“Urbanization and income levels also tend to determine the type of waste generated,” said Gardner. “The share of inorganic materials in the waste stream, including plastics, paper and aluminum, tends to increase as people grow wealthier and move to cities.”
Waste flows in rural areas, in contrast, are characterized by a high share of organic matter, ranging from 40 to 85 percent.Similarly, organic waste accounts for more than 60 percent of MSW in low-income countries, but only a quarter of the waste stream in high-income countries.
Roughly a quarter of the world’s garbage is diverted to recycling, composting or digestion—waste management options that are environmentally superior to landfills and incinerators. Recycling rates vary widely by country. In the U.S., the recycled share of MSW grew from less than 10 percent in 1980 to 34 percent in 2010, and similar increases have been seen in other countries, especially industrial ones.
The growing interest in MSW recovery is driven by a maturation of regulations and of markets for post-consumer materials. The global market for scrap metal and paper is at least $30 billion per year, according to the World Bank. The UN Environment Programme (UNEP) estimates the market for waste management, from collection through recycling, to be some $400 billion worldwide. Yet UNEP also estimates that to “green” the waste sector would require, among other things, a 3.5-fold increase in MSW recycling at the global level, including nearly complete recovery of all organic material through composting or conversion to energy.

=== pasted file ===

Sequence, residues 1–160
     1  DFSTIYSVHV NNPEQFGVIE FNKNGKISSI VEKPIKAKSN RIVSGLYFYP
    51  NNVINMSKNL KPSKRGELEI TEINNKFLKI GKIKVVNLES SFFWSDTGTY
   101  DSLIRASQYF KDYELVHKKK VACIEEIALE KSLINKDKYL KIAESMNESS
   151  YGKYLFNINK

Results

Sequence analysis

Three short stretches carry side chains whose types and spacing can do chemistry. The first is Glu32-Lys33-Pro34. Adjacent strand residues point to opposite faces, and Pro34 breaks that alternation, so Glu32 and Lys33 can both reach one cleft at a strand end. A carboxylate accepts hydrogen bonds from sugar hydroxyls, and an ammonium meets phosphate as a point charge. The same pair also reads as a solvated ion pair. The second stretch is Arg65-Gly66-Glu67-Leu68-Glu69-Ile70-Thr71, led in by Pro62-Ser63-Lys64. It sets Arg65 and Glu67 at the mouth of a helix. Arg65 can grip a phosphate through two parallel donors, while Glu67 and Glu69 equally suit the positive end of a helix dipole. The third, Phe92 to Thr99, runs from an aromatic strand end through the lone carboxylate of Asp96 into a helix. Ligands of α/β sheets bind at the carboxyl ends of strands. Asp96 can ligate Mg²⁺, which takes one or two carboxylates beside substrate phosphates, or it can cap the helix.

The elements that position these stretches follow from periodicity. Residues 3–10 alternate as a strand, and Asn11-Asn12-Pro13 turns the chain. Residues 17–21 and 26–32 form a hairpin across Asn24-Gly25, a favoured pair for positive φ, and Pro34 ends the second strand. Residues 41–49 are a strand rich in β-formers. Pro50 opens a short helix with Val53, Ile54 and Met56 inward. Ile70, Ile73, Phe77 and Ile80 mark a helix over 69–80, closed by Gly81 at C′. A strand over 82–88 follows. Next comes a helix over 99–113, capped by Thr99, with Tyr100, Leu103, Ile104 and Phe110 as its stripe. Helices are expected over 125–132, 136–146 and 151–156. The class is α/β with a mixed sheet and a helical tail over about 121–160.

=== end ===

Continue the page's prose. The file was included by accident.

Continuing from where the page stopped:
The gold standard for MSW will be to integrate it into a materials management approach known as a “circular economy,” which involves a series of policies to reduce the use of some materials and to reclaim or recycle most of the rest. Japan has made the circular economy a national priority since the early 1990s through passage of a steady progression of waste reduction laws, and the country has achieved notable successes. Resource productivity (tons of material used per yen of gross domestic product) is on track to more than double by 2015 over 1990 levels, the recycling rate is projected to roughly double over the same period, and total material sent to landfills will likely decrease to about a fifth of the 1990 level by 2015.